Review of the Jabra BT-200 Headset

The Jabra BT-200 is a Bluetooth headset that allows you to talk hands-free without attaching any wires to your phone. Note that your phone MUST have Bluetooth for this headset to be of any use to you.

Last Updated: 14-Oct-2003

I would like to thank Treatz for lending me his Jabra BT-200.

This is the first time Iíve reviewed a headset, and while I donít foresee myself doing so much in the future, this might be the first of many. There isnít really as much to say about a headset as there is about a phone, and so this review is much shorter than my typical phone review.

As with phones, my top priority with a headset is sound quality. That respect the BT-200 is actually very good. Both incoming and outgoing sound quality are great (though there is some room for improvement). Rejection of background noise is also very good, but it doesnít fair well in windy environments.

Another priority for me is comfort, and the BT-200 is without a doubt the most comfortable design Iíve yet tried. It hooks neatly around the back of your ear, exposing the microphone just under your earlobe. The earpiece is a shaped to fit in your ear canal, and connects to the body of the headset via a flexible plastic tube. Putting the headset on isnít that difficult, and as you get used to it Iím sure you could put in on in seconds.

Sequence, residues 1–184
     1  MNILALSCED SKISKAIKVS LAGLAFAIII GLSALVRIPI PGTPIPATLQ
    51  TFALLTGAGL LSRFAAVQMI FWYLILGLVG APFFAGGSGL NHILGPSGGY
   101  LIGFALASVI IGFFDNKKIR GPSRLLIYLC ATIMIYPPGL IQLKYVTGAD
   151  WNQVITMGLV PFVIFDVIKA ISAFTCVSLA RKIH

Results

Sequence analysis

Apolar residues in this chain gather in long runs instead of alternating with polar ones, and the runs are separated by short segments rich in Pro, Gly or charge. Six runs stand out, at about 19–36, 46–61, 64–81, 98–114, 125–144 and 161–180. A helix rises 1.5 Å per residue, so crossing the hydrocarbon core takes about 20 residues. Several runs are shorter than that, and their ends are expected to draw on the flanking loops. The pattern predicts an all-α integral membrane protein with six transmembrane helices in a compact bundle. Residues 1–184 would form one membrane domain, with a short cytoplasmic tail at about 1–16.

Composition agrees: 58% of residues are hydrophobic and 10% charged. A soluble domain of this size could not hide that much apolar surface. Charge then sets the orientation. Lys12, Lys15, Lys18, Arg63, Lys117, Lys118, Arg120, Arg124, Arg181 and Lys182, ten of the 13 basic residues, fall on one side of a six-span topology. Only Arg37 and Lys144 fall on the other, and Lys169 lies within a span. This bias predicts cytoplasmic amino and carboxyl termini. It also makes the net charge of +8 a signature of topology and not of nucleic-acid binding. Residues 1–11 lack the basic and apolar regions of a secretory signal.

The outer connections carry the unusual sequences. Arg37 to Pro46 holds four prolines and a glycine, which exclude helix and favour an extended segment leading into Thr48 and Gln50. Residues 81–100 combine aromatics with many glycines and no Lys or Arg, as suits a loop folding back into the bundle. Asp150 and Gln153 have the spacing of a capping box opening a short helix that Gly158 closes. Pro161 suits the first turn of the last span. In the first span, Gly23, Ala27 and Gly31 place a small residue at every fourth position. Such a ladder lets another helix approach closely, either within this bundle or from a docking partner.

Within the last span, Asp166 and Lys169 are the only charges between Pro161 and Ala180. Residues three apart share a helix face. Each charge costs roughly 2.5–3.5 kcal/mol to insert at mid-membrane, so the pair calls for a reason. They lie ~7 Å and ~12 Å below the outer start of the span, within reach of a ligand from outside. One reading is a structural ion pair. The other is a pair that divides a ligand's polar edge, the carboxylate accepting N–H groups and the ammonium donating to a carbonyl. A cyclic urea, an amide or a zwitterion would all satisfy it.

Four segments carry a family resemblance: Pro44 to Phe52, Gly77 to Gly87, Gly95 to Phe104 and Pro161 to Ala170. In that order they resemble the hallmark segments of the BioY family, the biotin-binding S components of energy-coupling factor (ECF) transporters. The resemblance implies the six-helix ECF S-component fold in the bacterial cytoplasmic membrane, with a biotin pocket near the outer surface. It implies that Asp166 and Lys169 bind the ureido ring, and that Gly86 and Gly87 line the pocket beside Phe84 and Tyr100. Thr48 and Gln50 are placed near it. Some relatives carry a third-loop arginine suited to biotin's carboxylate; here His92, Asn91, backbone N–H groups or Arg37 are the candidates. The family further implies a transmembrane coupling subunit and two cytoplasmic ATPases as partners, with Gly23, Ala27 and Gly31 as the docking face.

In real life use however, I had concerns about the solidity of the Bluetooth signal when the phone was worn on my belt. I detected far too many frame errors that peppered the audio so frequently that I found it unacceptable. This might be a general limitation of Bluetooth, a limitation of my Nokia 6310i, or a limitation f the headset. Since I couldnít know for sure which one, itís hard to know who I should blame.

When the phone sits in a cradle in your car, and is in line-of-sight, the problem doesnít exist, and the headset works extremely well. Because of this, Iíd recommend that you consider it for automotive use, and not for general walk-around use. I can back that up by noting that when the headsetís owner calls me using it, I frequently complain about Bluetooth frame errors, as he wears the phone on his belt (and no, it isnít a 6310i).

Since the only other Bluetooth headset with which I have any familiarity is the Ericsson HBH-15, I canít really offer any comparative comments. Perhaps if I test more Bluetooth devices in the future, I can do a bit better.